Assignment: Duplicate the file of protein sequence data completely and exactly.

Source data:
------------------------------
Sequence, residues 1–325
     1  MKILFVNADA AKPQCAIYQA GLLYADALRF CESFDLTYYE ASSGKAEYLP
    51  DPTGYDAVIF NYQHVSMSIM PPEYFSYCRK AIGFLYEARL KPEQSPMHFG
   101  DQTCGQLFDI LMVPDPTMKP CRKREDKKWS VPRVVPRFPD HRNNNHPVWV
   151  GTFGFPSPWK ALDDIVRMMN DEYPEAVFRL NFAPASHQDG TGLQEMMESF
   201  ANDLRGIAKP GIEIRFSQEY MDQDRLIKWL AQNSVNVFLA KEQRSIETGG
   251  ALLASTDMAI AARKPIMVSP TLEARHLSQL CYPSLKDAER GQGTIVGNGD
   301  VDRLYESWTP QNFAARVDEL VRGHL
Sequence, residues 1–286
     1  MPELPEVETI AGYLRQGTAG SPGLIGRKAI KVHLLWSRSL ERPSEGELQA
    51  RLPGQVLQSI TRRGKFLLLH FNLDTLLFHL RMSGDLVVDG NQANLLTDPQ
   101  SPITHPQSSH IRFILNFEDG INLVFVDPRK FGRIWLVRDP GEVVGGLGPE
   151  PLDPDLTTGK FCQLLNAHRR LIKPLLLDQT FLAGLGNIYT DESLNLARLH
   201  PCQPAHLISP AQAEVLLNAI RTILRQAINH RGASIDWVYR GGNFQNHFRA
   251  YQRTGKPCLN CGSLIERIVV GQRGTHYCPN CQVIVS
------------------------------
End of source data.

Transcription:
Sequence, residues 1–325
     1  MKILFVNADA AKPQCAIYQA GLLYADALRF CESFDLTYYE ASSGKAEYLP
    51  DPTGYDAVIF NYQHVSMSIM PPEYFSYCRK AIGFLYEARL KPEQSPMHFG
   101  DQTCGQLFDI LMVPDPTMKP CRKREDKKWS VPRVVPRFPD HRNNNHPVWV
   151  GTFGFPSPWK ALDDIVRMMN DEYPEAVFRL NFAPASHQDG TGLQEMMESF
   201  ANDLRGIAKP GIEIRFSQEY MDQDRLIKWL AQNSVNVFLA KEQRSIETGG
   251  ALLASTDMAI AARKPIMVSP TLEARHLSQL CYPSLKDAER GQGTIVGNGD
   301  VDRLYESWTP QNFAARVDEL VRGHL
Sequence, residues 1–286
     1  MPELPEVETI AGYLRQGTAG SPGLIGRKAI KVHLLWSRSL ERPSEGELQA
    51  RLPGQVLQSI TRRGKFLLLH FNLDTLLFHL RMSGDLVVDG NQANLLTDPQ
   101  SPITHPQSSH IRFILNFEDG INLVFVDPRK FGRIWLVRDP GEVVGGLGPE
   151  PLDPDLTTGK FCQLLNAHRR LIKPLLLDQT FLAGLGNIYT DESLNLARLH
   201  PCQPAHLISP AQAEVLLNAI RTILRQAINH RGASIDWVYR GGNFQNHFRA
   251  YQRTGKPCLN CGSLIERIVV GQRGTHYCPN CQVIVS